I would also like to confirm what others have been saying about rescue Livestock Guardian Dogs.   While you have to be careful and know what to look for, many of them are good for guarding stock.  The reason they end up in shelters, many times has more to do with the owners than it does the dog.  People want to make conventional pets out of a dog that wants to guard stock.  Some people get these pups thinking they are like most other dogs.  They are not.  If you're thinking of getting one you should definitely do your homework.

Maria Zyla made a very good post about Pyrs in the comments below.  People thinking of getting an LGD would do well to read it.

mariamihm mentioned (a couple of years ago) that her Pyr was a goat killer and a chicken chaser.  She doesn't mention if she trained the dog form a pup or how old it was when she got it.  

April Zumbaum come right out and says that the pup was not raised with birds at the breedrs farm (I appreciate her honesty). This was the beginning of the problem.  While it is often still possible to train older LGD pups to respect particular stock - it can be a lot more difficult.  A really big problem occurs when buyers get a pup from a breeder who does not take care of and train their dogs.  For instance, if there was a chicken killer at the breeder's farm (be it a LGD breed or not) and the pup saw that and tried to emulate that without being corrected (because no one was ever looking), that is hard to undo.

Our best Livestock Guardian ever, was given to us for free, because he chased cars that were coming and going from a rodeo grounds.  He watched the dog from the farm across the street do it hundreds of times a week.  The owners tried to correct him but were too busy with life to nip it in the bud.  Bear no longer chases cars, we never have coyotes near our property,  I watched him bolt after a cougar last month, and he has become the cornerstone of our Anatolian / Pyr breeding program.

Okay, I'll get off my soapbox now.  I just love these dogs and want nothing more than to see the right owners end up with the right dogs!

You can see what we're up to at:

LivestockDogs.net


Mary Hall
2/8/2013 5:53:43 PM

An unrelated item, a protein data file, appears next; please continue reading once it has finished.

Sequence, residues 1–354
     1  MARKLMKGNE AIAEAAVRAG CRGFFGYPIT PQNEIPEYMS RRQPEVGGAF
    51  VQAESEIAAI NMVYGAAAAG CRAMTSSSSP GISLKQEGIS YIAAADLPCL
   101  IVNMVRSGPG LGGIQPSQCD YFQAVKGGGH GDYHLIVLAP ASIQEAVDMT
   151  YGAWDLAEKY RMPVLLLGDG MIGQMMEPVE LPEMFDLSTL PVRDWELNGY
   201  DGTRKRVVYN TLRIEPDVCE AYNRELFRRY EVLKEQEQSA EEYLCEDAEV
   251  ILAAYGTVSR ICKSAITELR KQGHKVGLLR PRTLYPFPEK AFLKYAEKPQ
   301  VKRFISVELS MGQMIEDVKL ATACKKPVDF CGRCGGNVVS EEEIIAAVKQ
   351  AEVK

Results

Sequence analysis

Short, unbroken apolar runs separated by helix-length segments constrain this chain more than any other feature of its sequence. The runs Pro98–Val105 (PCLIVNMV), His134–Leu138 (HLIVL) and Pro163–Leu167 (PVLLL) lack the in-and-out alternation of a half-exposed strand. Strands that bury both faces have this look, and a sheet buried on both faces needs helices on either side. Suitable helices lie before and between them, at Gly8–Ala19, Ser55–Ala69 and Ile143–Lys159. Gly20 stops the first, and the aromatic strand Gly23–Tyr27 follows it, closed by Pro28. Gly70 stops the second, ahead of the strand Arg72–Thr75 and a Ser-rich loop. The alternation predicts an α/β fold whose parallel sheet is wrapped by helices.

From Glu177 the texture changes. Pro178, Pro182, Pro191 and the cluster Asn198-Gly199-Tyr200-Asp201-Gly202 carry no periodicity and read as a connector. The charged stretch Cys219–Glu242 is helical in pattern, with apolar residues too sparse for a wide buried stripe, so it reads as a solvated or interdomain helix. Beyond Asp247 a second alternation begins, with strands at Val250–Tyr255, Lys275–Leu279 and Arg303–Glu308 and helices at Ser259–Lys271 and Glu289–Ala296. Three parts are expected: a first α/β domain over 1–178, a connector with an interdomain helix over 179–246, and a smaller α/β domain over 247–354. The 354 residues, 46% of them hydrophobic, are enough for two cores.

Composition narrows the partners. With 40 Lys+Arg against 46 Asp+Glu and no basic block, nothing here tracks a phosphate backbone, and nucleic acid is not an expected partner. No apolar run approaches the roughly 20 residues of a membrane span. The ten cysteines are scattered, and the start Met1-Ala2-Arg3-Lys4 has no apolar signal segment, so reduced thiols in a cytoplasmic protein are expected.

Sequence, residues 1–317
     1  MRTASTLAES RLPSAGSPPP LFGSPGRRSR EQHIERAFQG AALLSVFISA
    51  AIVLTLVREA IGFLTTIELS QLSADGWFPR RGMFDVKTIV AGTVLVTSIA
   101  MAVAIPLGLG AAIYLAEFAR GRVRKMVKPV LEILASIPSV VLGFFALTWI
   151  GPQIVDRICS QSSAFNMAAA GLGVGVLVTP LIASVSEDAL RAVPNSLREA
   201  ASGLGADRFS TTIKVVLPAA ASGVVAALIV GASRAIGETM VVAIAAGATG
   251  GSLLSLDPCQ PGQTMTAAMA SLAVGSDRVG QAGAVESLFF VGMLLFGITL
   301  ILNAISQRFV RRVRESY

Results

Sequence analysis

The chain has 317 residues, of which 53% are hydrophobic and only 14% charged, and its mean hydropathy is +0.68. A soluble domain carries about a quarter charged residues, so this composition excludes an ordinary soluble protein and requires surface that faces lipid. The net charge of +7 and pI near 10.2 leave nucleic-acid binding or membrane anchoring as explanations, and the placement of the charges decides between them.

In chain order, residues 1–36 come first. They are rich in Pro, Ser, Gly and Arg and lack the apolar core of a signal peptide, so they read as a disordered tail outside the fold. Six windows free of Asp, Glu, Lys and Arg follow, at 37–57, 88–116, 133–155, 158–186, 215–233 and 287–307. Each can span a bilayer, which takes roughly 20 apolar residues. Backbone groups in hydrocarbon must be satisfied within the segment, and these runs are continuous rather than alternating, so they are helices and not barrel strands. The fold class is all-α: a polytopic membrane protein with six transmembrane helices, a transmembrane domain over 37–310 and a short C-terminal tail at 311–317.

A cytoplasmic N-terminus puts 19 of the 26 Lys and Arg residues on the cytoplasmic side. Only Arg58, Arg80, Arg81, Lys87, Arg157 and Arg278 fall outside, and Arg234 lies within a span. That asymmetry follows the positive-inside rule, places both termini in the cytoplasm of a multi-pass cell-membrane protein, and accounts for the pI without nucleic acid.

I adopted an elderly Great Pyrenees that has been a wonderful experience....actually she adopted us. She is everything you would want in a guardian and companion with a multiple household of creatures. I don't know how many years she has left but she will treated like a family member and never be cold or hot or wet or alone again. When I first met her wondering the neighborhood she had her tongue out and whined for affection and a pet. She is losing her hair rapidly and stumbles and falls even when she wags her tail sometimes on our hardwood floors. Shes old shes ours we love her and feel very safe with her guarding over us with our 5 cats and mix pittie. My gentle giant. PLEASE ALWAYS REMEMBER TO ADOPT FORGOTTEN GREAT PYRENEES WITH THE RESCUES ONLINE. THERE ARE SO MANY THAT NEED HOMES WHEN PEOPLE FEEL THEY CAN'T CARE FOR THEM OR THEY HAVE BEEN USED UP AND TOSSED AWAY. ADOPT AND RESCUE AND FOSTER OUR GENTLE GREAT PYRENEES. THAT FEW PEOPLE REALLY KNOW ABOUT.

Laura Schoolcraft
9/19/2012 6:17:24 PM
I have owned a 'rescue' Pyr for 7 years. Without training he is a natural protector.He guards my goats and chickens and me. A gentle giant and constant companion,he rides around town with me and is welcome at all my friends homes. He loves his playdates and gets along with all animals and people,

Janna Redington
3/10/2012 3:50:05 AM
I have two Great Pyrs who guard my birds -ducks and geese. They truly love the geese and the geese love them. Recently I got a baby goose after my female had puppies. The puppies wanted to taste him but Mama bit their snouts and told them NO firmly again and again. My female is super protective of the birds I think because I put her in with them when she was 3 months of age. She even guards the baby gander from the mature goose -gently but firmly knowing it is her job to protect them both. They work together -the male seems to have developed his guarding later than the female -she is just a natural. He watches over our property -she watches over the livestock and they both work together if coyotes are close and howling. My male rarely barks but my female is always warning potential intruders to stay away. They have both stolen my heart more than I ever imagined an animal could do...I can't imagine life without them anymore.

Maria Zyla